Tuesday, February 19, 2008

The Bible and Slavery

As I have often mentioned on this blog, one of the challenges of resting an argument against same sex relationships on scripture is that even the most literal-minded of of the faithful ignore the Bible's statements on other issues--such as usury and slavery. This fact should give us pause--if we are willing to let reason and experience ignore these aspects of scripture, what is different about same sex relationships.

To drive this point home, Tobias Haller has found this gem from the Presiding bishop of the Episcopal Church defending slavery in 1861:


Here, therefore, lies the true aspect of the controversy, and it is evident that it can openly be settled by the Bible. For every Christian is bound to assent to the rule of the inspired Apostle, that "sin is the transgression of the law," namely the law laid down in the Scriptures by the authority of God -- the supreme "lawgiver, who is able to save and to destroy." From his Word there can be no appeal. No rebellion can be so atrocious in his sight as that which dares to rise against his government. No blasphemy can be more unpardonable than that which imputes sin or moral evil to the decrees of the eternal Judge, who is alone perfect in wisdom, in knowledge, and in love....

With entire correctness, therefore, your letter refers the question to the only infallible criterion -- the Word of God. If it were a matter to be determined by my personal sympathies, tastes, or feelings, I would be as ready as any man to condemn the institution of slavery; for all my prejudices of education, habit and social position stand entirely opposed to it. But as a Christian, I am solemnly warned not to be "wise in my own conceit," and not to "lean unto my own understanding." As a Christian, I am compelled to submit my weak and erring intellect to the authority of the Almighty. For then only can I be safe in my conclusion, when I know that they are in accordance with the will of Him, before whose tribunal I must render a strict account to the last great day....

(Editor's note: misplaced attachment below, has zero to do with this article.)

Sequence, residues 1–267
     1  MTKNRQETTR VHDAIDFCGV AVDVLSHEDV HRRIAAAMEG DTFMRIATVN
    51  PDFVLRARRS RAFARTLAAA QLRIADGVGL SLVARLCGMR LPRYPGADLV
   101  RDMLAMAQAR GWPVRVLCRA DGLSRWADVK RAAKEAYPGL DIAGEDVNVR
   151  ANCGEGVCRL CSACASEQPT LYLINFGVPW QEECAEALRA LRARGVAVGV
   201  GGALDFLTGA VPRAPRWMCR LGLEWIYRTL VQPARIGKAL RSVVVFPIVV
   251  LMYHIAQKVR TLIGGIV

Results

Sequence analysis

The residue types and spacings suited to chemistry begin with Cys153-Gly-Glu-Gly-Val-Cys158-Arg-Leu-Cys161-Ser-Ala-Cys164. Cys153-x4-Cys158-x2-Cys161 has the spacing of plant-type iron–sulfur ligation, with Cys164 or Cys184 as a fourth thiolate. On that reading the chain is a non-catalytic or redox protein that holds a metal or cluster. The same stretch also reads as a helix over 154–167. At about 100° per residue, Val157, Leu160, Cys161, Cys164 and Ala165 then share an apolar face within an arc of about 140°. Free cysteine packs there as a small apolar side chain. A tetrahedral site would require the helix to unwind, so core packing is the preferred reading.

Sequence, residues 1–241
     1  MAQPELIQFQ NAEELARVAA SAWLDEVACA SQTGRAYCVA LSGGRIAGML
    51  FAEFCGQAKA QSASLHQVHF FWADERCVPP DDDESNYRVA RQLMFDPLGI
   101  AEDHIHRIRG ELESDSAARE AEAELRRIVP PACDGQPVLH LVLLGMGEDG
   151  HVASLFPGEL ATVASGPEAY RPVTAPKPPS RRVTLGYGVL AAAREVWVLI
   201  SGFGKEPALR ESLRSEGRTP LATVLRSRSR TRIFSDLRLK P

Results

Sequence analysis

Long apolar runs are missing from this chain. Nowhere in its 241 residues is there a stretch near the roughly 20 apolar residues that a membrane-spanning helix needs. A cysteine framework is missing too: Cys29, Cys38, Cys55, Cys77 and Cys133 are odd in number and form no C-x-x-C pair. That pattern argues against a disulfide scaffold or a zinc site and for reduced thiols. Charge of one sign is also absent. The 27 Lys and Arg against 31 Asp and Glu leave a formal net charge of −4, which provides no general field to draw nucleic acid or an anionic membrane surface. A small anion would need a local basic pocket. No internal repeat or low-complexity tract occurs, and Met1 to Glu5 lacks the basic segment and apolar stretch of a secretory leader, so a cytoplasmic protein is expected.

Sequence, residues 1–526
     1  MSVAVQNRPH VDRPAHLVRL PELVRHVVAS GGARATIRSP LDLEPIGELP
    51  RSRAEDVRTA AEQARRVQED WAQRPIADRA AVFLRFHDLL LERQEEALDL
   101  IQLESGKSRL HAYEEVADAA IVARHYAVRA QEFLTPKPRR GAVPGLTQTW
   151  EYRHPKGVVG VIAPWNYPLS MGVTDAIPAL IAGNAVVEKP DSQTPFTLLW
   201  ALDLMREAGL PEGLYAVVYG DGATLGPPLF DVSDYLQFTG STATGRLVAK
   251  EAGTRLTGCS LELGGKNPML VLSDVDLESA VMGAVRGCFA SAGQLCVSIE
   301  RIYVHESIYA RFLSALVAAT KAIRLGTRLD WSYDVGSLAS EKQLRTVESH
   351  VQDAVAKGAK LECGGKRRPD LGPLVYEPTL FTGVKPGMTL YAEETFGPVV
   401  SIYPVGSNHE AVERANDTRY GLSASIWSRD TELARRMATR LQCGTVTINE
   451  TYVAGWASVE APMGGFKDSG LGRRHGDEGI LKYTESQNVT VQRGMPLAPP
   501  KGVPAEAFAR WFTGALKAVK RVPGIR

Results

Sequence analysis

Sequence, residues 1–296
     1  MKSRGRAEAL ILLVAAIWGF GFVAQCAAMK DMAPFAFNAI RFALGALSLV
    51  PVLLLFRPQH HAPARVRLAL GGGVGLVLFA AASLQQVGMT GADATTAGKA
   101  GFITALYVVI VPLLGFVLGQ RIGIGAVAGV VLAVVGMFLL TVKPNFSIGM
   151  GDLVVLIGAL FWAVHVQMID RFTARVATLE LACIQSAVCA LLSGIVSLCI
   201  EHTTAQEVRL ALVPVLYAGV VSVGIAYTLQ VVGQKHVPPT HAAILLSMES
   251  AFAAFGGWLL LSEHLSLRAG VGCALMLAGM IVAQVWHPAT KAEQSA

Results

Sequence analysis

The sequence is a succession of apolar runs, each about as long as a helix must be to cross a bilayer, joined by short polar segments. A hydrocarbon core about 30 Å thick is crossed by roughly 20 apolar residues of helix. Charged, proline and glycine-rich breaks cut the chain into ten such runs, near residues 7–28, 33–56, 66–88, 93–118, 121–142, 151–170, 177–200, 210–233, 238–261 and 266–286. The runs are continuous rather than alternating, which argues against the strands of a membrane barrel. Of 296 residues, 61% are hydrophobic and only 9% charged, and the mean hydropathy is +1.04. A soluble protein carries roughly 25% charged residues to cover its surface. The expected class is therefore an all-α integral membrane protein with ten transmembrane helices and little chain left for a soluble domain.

First, then we ask what the divine Redeemer said in reference to slavery. And the answer is perfectly undeniable: He did not allude to it at all. Not one word of censure upon the subject is recorded by the Evangelists who gave His life and doctrines to the world. Yet, slavery was in full existence at the time, throughout Judea; and the Roman Empire, according to the historian Gibbon, contained sixty millions of slaves on the lowest probable computation! How prosperous and united would our glorious republic be at this hour, if the eloquent and pertinacious declaimers against slavery had been willing to follow their Savior's example!


-- The Rt. Rev. John Henry Hopkins, Bishop of Vermont and Presiding Bishop of The Episcopal Church, writing in 1861 in A Scriptural, Ecclesiastical, and Historical View of Slavery, from the Days of the Patriarch Abraham to the Nineteenth Century, pages 5-12 passim



You can find it here on Tobias Haller's blog.

(Once you get to Tobais' blog, be sure to read his series of posts on the theology of same sex relationships. Here they are:

The Sex Articles—a series of reflections on where we stand

01. Where the Division Lies
02. Pro-Creation
03. True Union (1)
04. True Union (2)
05. True Union (3)
06. Clash of Symbols
07. Remedial Reading
08. Scripture (1)
09. Scripture (2) )

1 comment:

JimII said...

I usually challenge folks when they claim to believe something because the Bible Tells Me So. I ask if that belief was a product of their reflection on scripture, or if they had the belief and went to scripture to reinforce it.

I think it is a decent test for myself. I've found scriptures that are pro-choice, for example. God breathed life into Adam, doesn't that mean breath and not conception is the start of life. Consider Exodus 21:22 which assigns a penalty less than death for striking a woman and causing a miscarriage. But, the truth is, I don't oppose criminalizing abortion because of what I read in these scriptures. I oppose criminalizing abortion for other reasons, some of them related to my faith, but not from reading these passages. It is ultimately dishonest for me to quote these scriptures in support of my position. [Maybe it's okay for impeachment purposes. :)]

Similarly, I don't think those who favored slavery, or opposed gay rights, held those beliefs because of the passages they cite. I think there are more complicated reasons, which may be linked to their faith, that supported these positions. But we need to talk about those real reasons, not the pretend justification of Paul says so in one of his letters, or it violates Hebrew law.